AbstractHigh levels of meat and dairy consumption have significant impacts on both environmental and health factors. In areas where meat and dairy intake is high such as the UK, reductions on meat consumption could significantly contribute to reducing greenhouse gas emissions, nitrogen pollution and saturated fat consumption. This thesis therefore focuses on a novel approach using social norms. We link different social norms to their role in encouraging individuals through the process of behaviour change to reducing their meat consumption. This context is used to contribute to theoretical discussions of social norms and the stages of change model as well as sustainable consumption more generally. Social norms are understood as an individual’s perception of behaviours that others approve or disapprove of (injunctive social norms) or what others are doing (descriptive social norms). Injunctive and descriptive norms can both encourage sustainable consumption behaviours but in different ways. Extant research has shown some inconsistent results in the social norms literature, for example there are contradictory results in relation to towel reuse & energy reduction. These inconsistencies suggest that our understanding of the operation of social norms may be limited, and as such further investigation is required to establish when social norms approaches are likely to be most effective and why. One area that social norm intervention studies have failed to take into account is the dynamics of change already taking place within the populations that they target. Therefore, in contrast to existing studies on social norms our approach understands behaviour change as a process as opposed to an event, where there are several distinct stages of change. This perspective is informed by evidence that meat reducing behaviours are adopted in a manner consistent with the self-regulated model of behaviour change This suggests that understanding the dynamics of change is crucial to determine what factors are most likely to change individuals behaviour, and thus how social norm interventions should be targeted for maximum effect. We suggest that different social norms will become more or less effective depending on the stage of change the individual they are targeting is at due to the fact that they play different roles at the different stages of behaviour change. We explore the role of social norms in the stages of change model over three empirical studies. Firstly, we look at how descriptive and injunctive norm interventions influence the different transition points in the stages of change model. We then undertake a longitudinal study looking at how injunctive norms differently impact meat consumption depending on the stage of change of the individual they are targeted at. Finally, we model how injunctive, descriptive and trending models operate in the stages of change process to explain the mechanisms of how social norms assert influence at the different stages of change. We find that social norms do become more or less effective depending on the stage of change they are targeted at and find significant relationships in our modelling paper that explain the role of each different type of social norm. With these results we contribute both to the understanding of how social norms influence sustainable consumer behaviours as well as adding a new understanding of the importance of social norms in the stages of change model. This could have significant implications for social marketers and policy makers alike as they look to encourage sustainable consumption behaviours.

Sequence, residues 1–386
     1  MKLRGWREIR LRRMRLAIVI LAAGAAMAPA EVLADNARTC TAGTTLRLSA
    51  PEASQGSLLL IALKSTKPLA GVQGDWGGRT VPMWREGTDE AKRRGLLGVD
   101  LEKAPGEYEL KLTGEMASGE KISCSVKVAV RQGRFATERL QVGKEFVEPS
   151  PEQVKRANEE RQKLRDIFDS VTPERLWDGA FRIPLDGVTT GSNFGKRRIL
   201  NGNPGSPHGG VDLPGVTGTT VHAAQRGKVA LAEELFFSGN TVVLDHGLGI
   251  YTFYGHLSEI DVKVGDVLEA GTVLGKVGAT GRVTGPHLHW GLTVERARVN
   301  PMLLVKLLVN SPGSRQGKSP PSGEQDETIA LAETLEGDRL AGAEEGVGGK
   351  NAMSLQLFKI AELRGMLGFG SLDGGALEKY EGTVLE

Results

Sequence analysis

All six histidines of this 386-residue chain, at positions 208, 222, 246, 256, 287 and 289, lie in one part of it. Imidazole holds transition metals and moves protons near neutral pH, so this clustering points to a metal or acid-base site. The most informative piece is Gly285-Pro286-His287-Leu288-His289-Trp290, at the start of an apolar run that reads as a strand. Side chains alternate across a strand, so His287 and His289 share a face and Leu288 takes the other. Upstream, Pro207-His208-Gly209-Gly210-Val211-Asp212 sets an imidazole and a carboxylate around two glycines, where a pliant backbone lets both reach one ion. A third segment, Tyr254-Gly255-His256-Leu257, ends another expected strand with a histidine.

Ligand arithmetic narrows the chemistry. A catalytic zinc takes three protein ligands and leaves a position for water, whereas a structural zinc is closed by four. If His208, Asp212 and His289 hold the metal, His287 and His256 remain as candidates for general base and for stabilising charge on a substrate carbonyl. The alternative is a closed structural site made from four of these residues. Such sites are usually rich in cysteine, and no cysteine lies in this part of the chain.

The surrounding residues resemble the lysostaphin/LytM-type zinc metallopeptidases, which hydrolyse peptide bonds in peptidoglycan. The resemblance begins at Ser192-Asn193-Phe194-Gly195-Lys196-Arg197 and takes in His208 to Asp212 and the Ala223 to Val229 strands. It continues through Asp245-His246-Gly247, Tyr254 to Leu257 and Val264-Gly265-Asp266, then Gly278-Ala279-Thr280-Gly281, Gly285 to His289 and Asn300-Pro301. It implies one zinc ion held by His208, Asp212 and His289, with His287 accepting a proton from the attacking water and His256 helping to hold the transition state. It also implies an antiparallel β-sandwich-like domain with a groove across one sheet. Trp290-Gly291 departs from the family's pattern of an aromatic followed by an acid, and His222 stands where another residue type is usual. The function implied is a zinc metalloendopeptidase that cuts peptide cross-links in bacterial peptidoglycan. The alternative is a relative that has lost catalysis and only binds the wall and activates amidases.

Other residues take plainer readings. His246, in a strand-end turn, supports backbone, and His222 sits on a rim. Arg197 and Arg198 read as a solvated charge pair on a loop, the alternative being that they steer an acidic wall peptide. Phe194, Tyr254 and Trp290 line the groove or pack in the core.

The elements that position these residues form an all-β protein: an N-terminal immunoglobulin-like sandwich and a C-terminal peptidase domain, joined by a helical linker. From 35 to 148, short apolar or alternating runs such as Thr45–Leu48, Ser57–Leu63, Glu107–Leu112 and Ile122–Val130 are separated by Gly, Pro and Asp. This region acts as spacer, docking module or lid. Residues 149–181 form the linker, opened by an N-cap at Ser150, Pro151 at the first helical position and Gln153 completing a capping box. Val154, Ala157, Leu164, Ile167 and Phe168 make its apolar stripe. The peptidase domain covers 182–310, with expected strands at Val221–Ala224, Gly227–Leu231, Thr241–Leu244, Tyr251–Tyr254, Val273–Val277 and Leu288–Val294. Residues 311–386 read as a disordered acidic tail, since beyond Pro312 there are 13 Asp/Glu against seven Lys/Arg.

|Date of Award||24 Jun 2020|
|Supervisor||Judith De Groot (Supervisor) & Krista Bondy (Supervisor)|
- Consumer Behaviour
- Sustainable consumption
- Social Norms
- environmental psychology
- consumer psychology
Step by step: Applying a stage-based approach to improve the effectiveness of social norm interventions in encouraging sustainable consumer behaviours.
Mansell, T. (Author). 24 Jun 2020
Student thesis: Doctoral Thesis › PhD